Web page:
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Soundings: Sound Business – good attempt but no cigar

By Michael Spencer.

As a musician, educationist and frequent contributor to business learning programmes internationally I feel that a note of caution should be sounded with regard to the recent book by Julian Treasure ‘Sound Business’.

Whilst written with the best of intent, as a factual resource it illustrates the danger of taking too myopic a view on a subject matter and expanding it into an over pixilated canvas. This is particularly concerning when it moves into suggestions of a methodology of implementation that might, to some, seem Orwellian.

To write a book about the impact sound has upon our daily lives is no bad thing. As Treasure cites, even the Mayor of London has a policy about noise reduction. However the credibility of his message is considerably diluted both by the imprecision of the factual information he uses throughout, and from the rather worrying conclusions he derives which go to inform the design of a system designed to inflict more noise on the public based on what would appear to be unproven and highly subjective hypotheses.

Firstly, his knowledge of the history of music appears limited. By way of specific example, his references to the liturgical (Church) modes being used ‘to create different emotional responses to plainsong, from happiness to tears, tenderness to anger’ are ill-founded. Modes were the building blocks of plainchant not a device by which responses could be made. The chant itself tended to be highly organised, conforming largely to predetermined structures. Whilst there was the all too human tendency to stray from the prescribed practice this was brought to an end by the Council of Trent (1543-1563) which decreed that sacred music ‘should be written in a dignified, serious style’. Tears, tenderness and anger played no part in the Mass…Tridentine or otherwise.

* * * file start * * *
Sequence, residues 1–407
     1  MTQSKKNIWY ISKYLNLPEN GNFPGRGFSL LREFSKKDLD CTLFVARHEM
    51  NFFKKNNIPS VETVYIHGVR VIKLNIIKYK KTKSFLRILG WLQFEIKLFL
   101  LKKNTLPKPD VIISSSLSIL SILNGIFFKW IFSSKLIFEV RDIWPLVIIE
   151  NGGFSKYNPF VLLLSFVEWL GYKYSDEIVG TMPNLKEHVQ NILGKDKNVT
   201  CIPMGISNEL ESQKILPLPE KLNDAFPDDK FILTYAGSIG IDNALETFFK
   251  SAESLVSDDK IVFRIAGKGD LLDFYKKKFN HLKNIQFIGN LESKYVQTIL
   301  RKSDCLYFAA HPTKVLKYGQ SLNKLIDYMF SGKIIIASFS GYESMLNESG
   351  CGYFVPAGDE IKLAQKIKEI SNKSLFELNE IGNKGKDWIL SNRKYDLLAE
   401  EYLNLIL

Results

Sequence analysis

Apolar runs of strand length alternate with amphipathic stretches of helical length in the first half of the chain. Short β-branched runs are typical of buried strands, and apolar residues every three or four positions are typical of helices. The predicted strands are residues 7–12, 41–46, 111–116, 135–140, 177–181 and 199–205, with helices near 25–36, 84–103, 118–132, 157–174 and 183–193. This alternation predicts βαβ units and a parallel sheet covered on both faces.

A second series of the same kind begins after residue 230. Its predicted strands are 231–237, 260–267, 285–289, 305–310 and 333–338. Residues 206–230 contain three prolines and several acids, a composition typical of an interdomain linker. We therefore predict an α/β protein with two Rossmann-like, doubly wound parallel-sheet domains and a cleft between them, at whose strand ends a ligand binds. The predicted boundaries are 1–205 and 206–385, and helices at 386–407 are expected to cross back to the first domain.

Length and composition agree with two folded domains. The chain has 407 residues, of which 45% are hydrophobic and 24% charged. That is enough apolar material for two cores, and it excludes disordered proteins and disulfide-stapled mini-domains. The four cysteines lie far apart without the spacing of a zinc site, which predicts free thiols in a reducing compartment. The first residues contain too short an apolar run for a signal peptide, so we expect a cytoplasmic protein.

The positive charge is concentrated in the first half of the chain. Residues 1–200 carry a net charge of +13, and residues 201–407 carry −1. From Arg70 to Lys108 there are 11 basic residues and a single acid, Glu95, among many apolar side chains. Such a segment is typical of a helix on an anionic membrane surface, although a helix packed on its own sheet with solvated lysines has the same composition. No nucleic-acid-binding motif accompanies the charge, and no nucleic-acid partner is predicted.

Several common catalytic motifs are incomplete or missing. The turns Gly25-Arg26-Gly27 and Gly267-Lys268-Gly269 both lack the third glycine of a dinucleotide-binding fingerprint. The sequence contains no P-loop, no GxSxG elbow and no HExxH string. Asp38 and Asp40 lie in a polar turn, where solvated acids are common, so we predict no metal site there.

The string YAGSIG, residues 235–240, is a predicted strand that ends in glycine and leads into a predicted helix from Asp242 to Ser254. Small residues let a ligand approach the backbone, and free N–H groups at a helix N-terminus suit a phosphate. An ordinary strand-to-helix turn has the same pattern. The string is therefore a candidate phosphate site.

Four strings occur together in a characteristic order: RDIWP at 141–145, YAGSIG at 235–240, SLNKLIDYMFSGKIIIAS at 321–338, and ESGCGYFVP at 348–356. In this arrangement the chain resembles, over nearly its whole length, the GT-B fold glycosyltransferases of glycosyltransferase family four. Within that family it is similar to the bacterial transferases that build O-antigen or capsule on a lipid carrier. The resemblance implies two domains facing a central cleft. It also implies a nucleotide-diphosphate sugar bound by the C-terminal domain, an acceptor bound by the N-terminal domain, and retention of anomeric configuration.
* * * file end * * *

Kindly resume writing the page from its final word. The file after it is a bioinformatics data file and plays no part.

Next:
Treasure’s references to musical terminology are similarly inexact. For example the use of the word ‘pitch’ has a very specific meaning relating purely to the frequency of vibration of a single sound source. That is all. Grouping ‘power spectrum’ (whatever that might be), ‘harmonics’, ‘mode’, ‘melody’ and ‘harmony’ under this heading is like grouping a flock of birds under the word ‘feather’. All birds have them, but they are only part of the story. These types of indistinct observation are commonplace throughout the book.

His knowledge of physics too seems similarly wayward. When he divides sonic events into those that ’are vibrations’ (e.g. a violin string) and those which ‘create vibration’ (a hand clap) he misses the point. Both events are exactly the same in that they impact upon the air molecules and cause them to oscillate. It is just that one has periodicity, the other doesn’t. And as for his comments to the effect that ‘we make sound but don’t make light’ ….we do. Infra red. It is just in a different place on the electro-magnetic spectrum from visible light. Strange too that Pythagoras is omitted from references to the harmonic series, or rather harmonic ‘scale’ as the author would have it.

It is unclear too for whom this book is intended. The imprecise use of terminology makes it unsuitable for the professional, and at the same time somewhat bemusing for a non specialist. Mention of ‘tonic’ and ‘dominant’ in the context of contrasting Western music with that of Ornette Coleman will leave the cognoscenti shaking their heads whilst the uninitiated remain suitably bemused.

This book has a laudable premise; that the world we live in is becoming increasingly noisy by the profusion of non-natural sounds, and something needs to be done. However books of this nature would benefit from much more robust research amongst the academic work on the subject rather than relying upon the more meagre sources to be found in the book’s bibliography. During such research the author may well find too that his personal assumptions are not quite what he first thought before going to press.

Incidentally the annoying little Nokia Tune is taken from the Gran Vals by Tarrega not, as stated in his book, from the Gran Vales by Farrega.

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